What is the CAGED system? In my opinion it’s something that gets too much attention for the wrong reasons and not enough attention for the right ones. A lot of guitarists haven’t even heard of it. (Have you noticed how I always have to get my little rant out of the way first in every article) 🙂
This is not going to be an in depth article simply because as far as I’m concerned the CAGED system doesn’t deserve one. Why? Because it’s five chords and nothing else, it is not a system and it won’t make you a great guitarist overnight. What it is, is something that you should just know and think about but certainly not restrict it to just five major chords. The whole idea of the CAGED system (in most teachings) is a method to use chord patterns, that you already know, as a guide to finding your way around the fretboard and relating them to major scales. The basic idea is a good one and has it’s uses but it’s not a system, it’s just common sense that will unfold as you progress. As a beginner it is a lot to think about.
Another problem I have with the way it’s (generally) taught is that it’s centred around the Major triads and major scales. The idea itself can be used with any scale and any chord.
CAGED Guitar system summarised.
C A G E D refers to the five common open chords (major triads) that most guitarists are taught from the beginning.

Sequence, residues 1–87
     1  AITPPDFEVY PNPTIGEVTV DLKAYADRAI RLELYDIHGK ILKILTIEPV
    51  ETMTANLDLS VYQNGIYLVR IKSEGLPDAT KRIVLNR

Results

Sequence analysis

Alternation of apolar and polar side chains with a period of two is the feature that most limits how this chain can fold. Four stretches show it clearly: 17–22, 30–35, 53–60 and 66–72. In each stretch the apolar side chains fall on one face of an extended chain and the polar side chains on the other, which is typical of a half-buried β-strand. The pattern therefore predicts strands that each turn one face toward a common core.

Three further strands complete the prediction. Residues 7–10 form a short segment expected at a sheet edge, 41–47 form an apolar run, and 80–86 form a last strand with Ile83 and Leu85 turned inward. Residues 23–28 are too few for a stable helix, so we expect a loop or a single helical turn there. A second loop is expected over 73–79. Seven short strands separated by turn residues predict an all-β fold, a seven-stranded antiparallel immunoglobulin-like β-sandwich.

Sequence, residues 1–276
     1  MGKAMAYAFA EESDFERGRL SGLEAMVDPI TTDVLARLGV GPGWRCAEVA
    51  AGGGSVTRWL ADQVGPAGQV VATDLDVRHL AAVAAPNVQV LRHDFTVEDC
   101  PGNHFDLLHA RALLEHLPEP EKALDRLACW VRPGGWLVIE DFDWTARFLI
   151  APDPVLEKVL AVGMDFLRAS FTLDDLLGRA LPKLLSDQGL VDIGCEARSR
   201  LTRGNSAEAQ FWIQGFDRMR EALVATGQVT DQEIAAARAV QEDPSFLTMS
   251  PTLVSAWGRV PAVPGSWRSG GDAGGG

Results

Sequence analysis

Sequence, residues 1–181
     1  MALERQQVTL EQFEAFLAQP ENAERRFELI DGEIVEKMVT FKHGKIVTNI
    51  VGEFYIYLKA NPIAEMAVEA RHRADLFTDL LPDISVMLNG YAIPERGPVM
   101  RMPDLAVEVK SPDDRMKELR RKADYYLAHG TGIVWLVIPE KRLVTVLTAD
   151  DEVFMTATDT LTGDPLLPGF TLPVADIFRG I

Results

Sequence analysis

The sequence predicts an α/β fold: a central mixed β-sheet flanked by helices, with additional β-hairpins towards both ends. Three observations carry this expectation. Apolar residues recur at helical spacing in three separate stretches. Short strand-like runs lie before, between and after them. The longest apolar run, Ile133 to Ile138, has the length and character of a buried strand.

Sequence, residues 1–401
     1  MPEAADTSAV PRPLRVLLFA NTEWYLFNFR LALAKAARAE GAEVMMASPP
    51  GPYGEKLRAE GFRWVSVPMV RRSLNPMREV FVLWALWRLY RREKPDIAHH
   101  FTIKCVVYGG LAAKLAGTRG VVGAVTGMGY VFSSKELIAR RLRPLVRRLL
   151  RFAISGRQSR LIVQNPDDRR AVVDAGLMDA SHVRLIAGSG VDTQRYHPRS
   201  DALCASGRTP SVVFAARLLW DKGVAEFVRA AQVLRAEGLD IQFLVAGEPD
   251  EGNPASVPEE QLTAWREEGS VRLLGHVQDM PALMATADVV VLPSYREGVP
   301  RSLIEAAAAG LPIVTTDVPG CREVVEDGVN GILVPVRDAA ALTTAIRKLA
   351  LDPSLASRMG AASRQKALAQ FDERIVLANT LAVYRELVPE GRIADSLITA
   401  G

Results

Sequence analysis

The A and E major chords are often moved anywhere on the neck, what we all know as barre chords. The C, G, and D chords aren’t moved as often, especially among beginners because they are difficult to finger and require difficult stretches. The thing with these chords is it doesn’t matter how difficult they are to play you should still know how to locate there positions anywhere on the neck. I’ll speak about this in a moment but for now I’ll just get on with the summary, which is nearly done anyway 🙂
Learning to locate these five chords in any position on the neck is generally easier than learning to locate the five most common major scale patterns anywhere on the neck, I personally disagree with this because it’s much more involved in real world guitar playing but I can see the logic and yes, it does have it’s uses but I think we should drop the word “system” and replace it perhaps with something like “guide”.
If you already know the five chord patterns above and think you can locate them reasonable quickly anywhere along the fretboard then take a look at the diagrams below because this is the CAGED system in a nutshell. Learn the chord shapes, learn how the chord shapes integrate with the major scale patterns below and then decide yourself how much a better guitar player you are now you have learned the CAGED system, I doubt you’ll find many Eureka moments.
Even though it might sound like it, I’m not knocking the idea, it’s just the way it’s taught like so many things in the guitar world, mishandled, incomplete or borderline pointless just to create more content to fill books.